In the afternoon we headed towards Kalambaka, where we were to stay close to the Meteora monasteries that are perched on their steep pinnacles.  On the way we stopped at Thermopylae, the site of a famous 'last stand' by around 1,500 Greeks in the face of a huge Persian army.  When the Persians advanced towards the small Greek force guarding a narrow pass, the Persians told the Greeks to lay down their arms.  The leader of the Greek force, the Spartan King Leonidas, famously replied "Molon labe" ("Come and get them").  After two days of fighting, with the Persians sustaining severe losses, they found a way to encircle the Greeks.  The small force of Spartans, Thespians and Thebans stayed where they were, blocking the pass and fighting to the death, so that other Greek soldiers retreating would escape being caught and surrounded by the Persian chariots and cavalry.  Although this was a defeat for the Greek forces, the bravery of the Greek - and especially the Spartan - soldiers made this a defining moment for the ancient Greeks.

The poet Simonides composed a famous epigram that memorialises the heroism of the Spartan soldiers: "Stranger, go and to the Spartans tell, that here, obeying their behests, we fell."  This has been engraved as an epitaph on a memorial stone at the site.

The next day, after a short stop at an icon-making workshop, we visited two of the monasteries on the Meteora rock pinnacles.  The weather was wet and so the splendour of the view that you often see in photos was diminished, but on the other hand the mist and cloud created quite a mysterious atmosphere.  This is what the rocky outcrop looks like from the town of Kalambaka (a Turkish word meaning 'beautiful castle').  St Stephen's is the only monastery visible from the town.  You can just see signs of St Stephen's monastery on the outcrop a quarter of the picture along from the left.

On the way up the mountain we saw our first monastery from close quarters.  This was Roussanou monastery.  It is on a rock pinnacle, but is relatively accessible, being the lowest of the monasteries and quite close to the main road up the cliffs.

Then we went on to St Stephen's monastery, which I had glimpsed from Kalambaka.

As we entered St Stephens I noticed our guide paying our entrance fee, and I noticed how strange it seemed  to be paying a fee to enter a monastery.  I realised again how privileged I had been to experience the Athonite monasteries.  In fact, the contrast was strong with my experience on the Holy Mountain.  These monasteries were more geared to tourism as museums of how things used to be (although they all had a small resident community of monks or nuns), while the Athonite monasteries were first and foremost places of contemporary spiritual endeavour and commitment.  They were only secondarily places of historical interest or places for guests to visit.  I thought how important it is for the number of visitors on Mt Athos to remain limited so that the spiritual work of the monks remains the main thing on Mt Athos.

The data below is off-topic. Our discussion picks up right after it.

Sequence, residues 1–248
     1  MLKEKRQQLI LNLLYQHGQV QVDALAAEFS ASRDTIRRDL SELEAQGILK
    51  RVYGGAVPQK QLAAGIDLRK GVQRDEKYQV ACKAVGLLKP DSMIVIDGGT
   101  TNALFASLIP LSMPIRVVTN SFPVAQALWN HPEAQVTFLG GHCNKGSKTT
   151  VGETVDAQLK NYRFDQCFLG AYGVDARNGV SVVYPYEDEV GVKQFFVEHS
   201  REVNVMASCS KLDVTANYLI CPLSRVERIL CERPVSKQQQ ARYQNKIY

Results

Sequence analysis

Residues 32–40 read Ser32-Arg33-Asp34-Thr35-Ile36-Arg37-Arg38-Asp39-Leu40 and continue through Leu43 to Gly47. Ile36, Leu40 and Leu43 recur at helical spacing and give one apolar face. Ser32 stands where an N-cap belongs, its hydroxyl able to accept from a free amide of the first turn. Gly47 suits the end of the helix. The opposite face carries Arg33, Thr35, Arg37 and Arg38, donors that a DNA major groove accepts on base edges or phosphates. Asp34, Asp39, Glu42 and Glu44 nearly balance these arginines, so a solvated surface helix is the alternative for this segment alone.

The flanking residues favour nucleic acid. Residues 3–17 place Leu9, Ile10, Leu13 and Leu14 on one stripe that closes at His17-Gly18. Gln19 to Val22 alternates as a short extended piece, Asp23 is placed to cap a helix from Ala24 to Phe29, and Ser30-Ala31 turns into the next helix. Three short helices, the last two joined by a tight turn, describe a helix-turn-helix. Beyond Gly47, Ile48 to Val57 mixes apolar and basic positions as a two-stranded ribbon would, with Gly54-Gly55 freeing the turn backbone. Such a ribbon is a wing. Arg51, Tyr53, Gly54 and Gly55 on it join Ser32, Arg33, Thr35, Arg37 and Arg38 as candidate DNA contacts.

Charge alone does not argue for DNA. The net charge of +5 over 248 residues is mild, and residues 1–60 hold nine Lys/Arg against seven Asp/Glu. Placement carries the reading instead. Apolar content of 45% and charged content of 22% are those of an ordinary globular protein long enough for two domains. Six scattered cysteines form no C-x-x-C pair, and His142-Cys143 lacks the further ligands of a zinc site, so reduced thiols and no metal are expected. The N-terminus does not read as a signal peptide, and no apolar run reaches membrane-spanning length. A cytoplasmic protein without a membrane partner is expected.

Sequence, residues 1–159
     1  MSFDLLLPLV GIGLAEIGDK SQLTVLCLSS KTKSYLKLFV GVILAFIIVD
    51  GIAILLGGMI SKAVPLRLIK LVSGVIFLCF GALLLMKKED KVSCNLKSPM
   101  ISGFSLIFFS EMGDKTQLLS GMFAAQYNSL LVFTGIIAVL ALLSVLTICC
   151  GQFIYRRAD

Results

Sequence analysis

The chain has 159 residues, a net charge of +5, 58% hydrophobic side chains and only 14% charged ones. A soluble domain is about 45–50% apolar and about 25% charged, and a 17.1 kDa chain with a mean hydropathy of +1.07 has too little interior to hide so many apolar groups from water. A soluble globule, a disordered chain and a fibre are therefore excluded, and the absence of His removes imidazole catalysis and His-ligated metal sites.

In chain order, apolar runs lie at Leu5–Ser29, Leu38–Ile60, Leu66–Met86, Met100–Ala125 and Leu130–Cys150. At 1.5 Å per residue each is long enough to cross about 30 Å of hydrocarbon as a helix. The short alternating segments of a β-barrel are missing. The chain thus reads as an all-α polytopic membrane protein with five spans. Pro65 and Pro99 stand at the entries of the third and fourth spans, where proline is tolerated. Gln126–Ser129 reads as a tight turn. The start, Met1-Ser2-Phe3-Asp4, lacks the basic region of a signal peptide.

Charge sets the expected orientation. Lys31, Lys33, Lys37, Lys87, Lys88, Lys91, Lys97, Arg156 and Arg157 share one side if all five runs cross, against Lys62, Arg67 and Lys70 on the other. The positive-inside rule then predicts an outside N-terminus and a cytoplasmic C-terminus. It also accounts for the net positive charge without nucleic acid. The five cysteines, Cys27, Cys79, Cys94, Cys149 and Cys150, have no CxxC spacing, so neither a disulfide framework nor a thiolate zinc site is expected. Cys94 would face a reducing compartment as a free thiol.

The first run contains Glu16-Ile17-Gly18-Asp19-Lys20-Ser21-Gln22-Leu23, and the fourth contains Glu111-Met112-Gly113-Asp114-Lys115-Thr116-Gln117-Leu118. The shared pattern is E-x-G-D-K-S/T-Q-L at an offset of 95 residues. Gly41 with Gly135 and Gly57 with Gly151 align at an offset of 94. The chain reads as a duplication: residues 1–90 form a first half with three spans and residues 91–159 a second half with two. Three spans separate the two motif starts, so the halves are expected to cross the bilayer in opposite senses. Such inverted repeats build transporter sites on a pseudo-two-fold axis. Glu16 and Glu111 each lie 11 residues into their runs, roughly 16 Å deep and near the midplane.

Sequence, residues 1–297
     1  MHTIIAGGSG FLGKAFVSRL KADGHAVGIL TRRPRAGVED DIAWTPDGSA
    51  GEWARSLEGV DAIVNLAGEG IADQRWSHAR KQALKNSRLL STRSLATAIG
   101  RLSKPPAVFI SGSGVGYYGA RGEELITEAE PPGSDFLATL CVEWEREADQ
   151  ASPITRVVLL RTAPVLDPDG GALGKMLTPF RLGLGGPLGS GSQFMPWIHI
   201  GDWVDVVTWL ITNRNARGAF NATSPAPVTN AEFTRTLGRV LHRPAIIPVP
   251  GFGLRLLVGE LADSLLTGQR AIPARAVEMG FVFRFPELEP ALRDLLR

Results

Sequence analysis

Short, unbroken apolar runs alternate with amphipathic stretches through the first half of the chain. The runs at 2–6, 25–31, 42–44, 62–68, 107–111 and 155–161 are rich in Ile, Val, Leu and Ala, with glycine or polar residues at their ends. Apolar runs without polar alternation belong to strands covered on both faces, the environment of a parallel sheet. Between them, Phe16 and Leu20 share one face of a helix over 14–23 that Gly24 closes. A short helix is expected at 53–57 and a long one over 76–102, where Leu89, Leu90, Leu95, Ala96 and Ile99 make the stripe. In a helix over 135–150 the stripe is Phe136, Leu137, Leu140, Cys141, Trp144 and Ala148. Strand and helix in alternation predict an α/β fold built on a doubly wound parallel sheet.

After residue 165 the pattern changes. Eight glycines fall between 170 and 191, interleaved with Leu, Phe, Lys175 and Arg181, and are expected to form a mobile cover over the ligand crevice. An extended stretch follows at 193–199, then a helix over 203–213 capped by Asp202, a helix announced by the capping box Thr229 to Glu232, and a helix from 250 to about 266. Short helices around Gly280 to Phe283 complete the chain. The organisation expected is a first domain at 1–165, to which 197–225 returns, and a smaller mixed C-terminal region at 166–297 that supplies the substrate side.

After a walk through St Stephens we went to Varlaam monastery, which was one of the larger monasteries in the Meteora area.  It was wet as we went up through the monastery to the main church (katholikon).

We were not allowed to take photos within the katholikon, so I took this view of the porch outside it.

In former times the only way to enter the monastery had been by a hoist.  Now heavy items are still brought in by hoist.  We visited the room that housed the hoist apparatus.

Formerly the windlass was used for powering the hoist, but now the hoist is motorised.  The hoist lifts things a distance of approximately 15 metres.  This was enough of a distance to deter unwanted guests.

As we left the Meteora region the weather cleared, and we finally got the chance to take a more typical photo of one of the pinnacle monasteries.  This is a photo from below Roussanou monastery.

We had lunch in Kalambaka at a restaurant that served 'home made food', and where you could go into the kitchen to choose what you wanted.

It was a lovely meal and set us up for the trip back to Athens.


Ketty said...

I found Delphi as a main attractive place in Greece. Delphi is the place where you could not find beaches , malls to grab your attention and not so most happening places, but you can add Greece into the list of spiritual and history lover place, where you feel piece and comfort. The most attractive place over here is a Temple of Apollo, which is open in summer and winter, then stadium which is modernized by Romans.
Delphi Greece

Anonymous said...

Very well done. You seemed to have been richly rewarded by your travels.

Your words and pictures have inspired me to visit Greece. Thanks.

munderwood99 said...

Congratulations on your enriching adventure. Yours was a challenging itinerary. Our self-guided trip in 2006 started with a car rental in the West Coast city of Patra, from there to Olympia then across the Peloponnese to Mycene. After a few nights in Naplion we visited Epidauros with its Temple of Asklepios and the theater, Corinth and then on to Athens. We returned to Athens in 2015, took a day trip to Delphi and ferries to Santorini and Crete. Returned to Tallahassee, Florida USA last week. Michael Underwood 7 July 2015.